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Teaching and Learning

Home  >  Teaching and Learning  >  Ordinary Wolves  >  Discussion Questions
Chapter 12
Chapter Summary: 
As he flies to Anchorage for the first time, Cutuk suffers with a hangover after drinking Lysol to celebrate his twenty-second birthday. Anchorage is huge, fast, and frustrating. He loses directions to January's house and spends the night sleeping outside. He runs into a homeless woman from Uktu, and she shares pizza with him. Humiliated, he finally calls Iris to get January's contact information.

Discussion Questions:

Why do you think Cutuk celebrated his twenty-second birthday by getting high off Lysol?

Points to Consider:

  • Lysol has been an abused substance in Alaska for decades due to its availability, cost, and the relatively high alcohol content.
  • No other liquor might have been available, but more likely, for Cutuk his willingness to get drunk from Lysol was more out of anxiety for the trip to Anchorage and away from his comfort zone.

Discuss Cutuk's comparison between Eskimos and ravens.

Points to Consider:

  • Cutuk has a deep respect for both, but the Eskimos and ravens that live in town and have given up the old ways are disconcerting to him.

Why does Cutuk look for and see so many omens telling him that he's doing the wrong thing by leaving?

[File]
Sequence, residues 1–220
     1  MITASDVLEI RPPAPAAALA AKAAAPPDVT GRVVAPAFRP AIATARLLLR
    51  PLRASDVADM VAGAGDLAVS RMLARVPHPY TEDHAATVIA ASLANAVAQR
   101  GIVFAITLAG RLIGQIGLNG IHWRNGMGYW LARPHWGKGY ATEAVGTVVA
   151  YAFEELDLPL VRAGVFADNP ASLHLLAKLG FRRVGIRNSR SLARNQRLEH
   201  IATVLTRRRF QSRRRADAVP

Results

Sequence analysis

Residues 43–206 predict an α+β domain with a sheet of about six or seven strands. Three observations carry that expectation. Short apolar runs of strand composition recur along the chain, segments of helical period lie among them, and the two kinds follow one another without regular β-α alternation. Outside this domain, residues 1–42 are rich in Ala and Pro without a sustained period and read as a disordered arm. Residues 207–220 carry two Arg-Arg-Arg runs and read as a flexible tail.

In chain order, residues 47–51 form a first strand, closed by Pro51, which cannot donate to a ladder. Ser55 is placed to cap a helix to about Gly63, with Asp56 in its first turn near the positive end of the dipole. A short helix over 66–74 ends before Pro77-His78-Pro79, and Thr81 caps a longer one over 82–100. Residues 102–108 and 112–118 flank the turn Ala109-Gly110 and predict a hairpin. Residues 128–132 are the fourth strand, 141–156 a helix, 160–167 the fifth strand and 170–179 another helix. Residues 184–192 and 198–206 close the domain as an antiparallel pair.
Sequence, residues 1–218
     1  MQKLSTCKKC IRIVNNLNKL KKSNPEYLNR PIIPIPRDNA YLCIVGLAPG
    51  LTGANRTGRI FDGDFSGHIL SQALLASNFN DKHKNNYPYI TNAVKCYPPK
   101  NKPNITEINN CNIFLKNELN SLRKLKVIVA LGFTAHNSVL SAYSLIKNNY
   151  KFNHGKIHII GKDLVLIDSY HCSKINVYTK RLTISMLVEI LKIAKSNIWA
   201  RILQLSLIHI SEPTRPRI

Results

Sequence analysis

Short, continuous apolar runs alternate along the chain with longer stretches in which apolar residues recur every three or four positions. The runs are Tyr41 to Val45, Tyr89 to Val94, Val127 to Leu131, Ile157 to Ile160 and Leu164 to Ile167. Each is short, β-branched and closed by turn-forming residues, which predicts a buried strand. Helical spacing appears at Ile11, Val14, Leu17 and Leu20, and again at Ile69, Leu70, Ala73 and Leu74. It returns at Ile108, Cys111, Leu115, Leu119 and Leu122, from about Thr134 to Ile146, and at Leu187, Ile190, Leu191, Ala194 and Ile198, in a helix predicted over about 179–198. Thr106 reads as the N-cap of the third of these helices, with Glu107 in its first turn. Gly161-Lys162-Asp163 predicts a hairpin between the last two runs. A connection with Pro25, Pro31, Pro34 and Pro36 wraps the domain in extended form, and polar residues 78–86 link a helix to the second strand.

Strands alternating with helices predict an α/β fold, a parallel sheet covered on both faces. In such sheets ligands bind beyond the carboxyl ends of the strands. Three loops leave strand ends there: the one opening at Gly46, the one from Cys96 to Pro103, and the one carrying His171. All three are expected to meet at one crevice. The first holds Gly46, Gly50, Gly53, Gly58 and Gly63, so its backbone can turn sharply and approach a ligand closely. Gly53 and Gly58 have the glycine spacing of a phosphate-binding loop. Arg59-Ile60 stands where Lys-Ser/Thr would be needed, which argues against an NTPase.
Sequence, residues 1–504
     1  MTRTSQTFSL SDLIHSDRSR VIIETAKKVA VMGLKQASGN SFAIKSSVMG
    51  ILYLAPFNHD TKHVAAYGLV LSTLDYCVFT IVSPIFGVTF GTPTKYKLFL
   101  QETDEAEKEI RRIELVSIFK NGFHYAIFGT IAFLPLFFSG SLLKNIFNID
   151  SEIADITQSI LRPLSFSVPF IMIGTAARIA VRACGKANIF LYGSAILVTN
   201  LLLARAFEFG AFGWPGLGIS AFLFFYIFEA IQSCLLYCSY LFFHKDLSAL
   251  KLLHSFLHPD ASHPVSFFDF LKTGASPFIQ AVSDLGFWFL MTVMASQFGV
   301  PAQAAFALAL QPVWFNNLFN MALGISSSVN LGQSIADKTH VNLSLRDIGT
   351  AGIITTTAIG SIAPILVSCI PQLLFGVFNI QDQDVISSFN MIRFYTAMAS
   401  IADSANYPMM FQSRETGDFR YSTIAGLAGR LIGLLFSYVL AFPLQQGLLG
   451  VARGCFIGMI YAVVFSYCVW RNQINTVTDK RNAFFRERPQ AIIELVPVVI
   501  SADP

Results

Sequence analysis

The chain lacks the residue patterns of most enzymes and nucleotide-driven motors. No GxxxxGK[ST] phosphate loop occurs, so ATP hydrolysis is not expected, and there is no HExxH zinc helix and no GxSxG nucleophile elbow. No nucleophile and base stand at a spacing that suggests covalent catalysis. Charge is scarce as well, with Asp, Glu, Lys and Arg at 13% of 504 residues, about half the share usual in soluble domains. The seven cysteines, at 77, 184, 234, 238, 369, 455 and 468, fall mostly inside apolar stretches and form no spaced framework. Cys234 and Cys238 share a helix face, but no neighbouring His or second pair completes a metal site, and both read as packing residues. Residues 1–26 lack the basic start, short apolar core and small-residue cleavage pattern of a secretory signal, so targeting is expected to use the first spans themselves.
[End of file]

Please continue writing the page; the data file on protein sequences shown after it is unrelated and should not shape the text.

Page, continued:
Points to Consider:

  • He wants the land and the animals to give him signs, because he is used to reading and interpreting signs from the land. In this case he wants reassurance that he's doing the right or wrong thing.

On the flight to Anchorage, Cutuk ponders Abe's teachings and asks himself, "What was between? What does he want us to do?" What do you think the answers to those questions are for Cutuk?

Points to Consider:

  • Abe loves his children and wants them to grow up to be independent and critical thinkers. According to Cutuk, Abe just wanted them to be happy, but Cutuk feels he has only been practicing wanting to he happy.

Discuss the irony in Cutuk's Asimov allusion to the Foundation Trilogy and his observation of the modern world inside and outside the Anchorage airport.

Points to Consider:

  • Cutuk has an impressive literary education, but the real world is completely foreign to him. He recognizes that the world he's stepped into is a façade of sorts and the people around him have evolved into an otherworldly people.

How is the city chaos different from that found in Takunak?

Points to Consider:

  • In the city the people aren't friendly or helpful. The lights, signs, and pace of life are different in the city. He's not dealing with rage and alcohol-fueled violence, but instead faces inhospitable and uncaring city society. In Takunak he is different because he is white, where in the city he is different because he feels different inside.

Why do you think Cutuk is haunted by Enuk's voice? And why does he talk to Enuk, as if Enuk can hear him? (p. 154)

Points to Consider:

  • Enuk has always shared knowledge with Cutuk, and the strange situation in the city has him needing guidance. He misses Enuk and carries Enuk's voice within him.
  • He speaks to Enuk, as much as he's speaking to himself. He's also spiritual, so in a way, he knows that Enuk may be listening.

How is Cutuk's run-in with the woman from Uktu significant?

Points to Consider:

  • The woman recognizes him and shares her pizza with him. They both react the same way to the white people passing by, by lowering their faces. In their short time together he gets a slice of home and the people from there and this helps him to swallow his pride and call Iris for directions.


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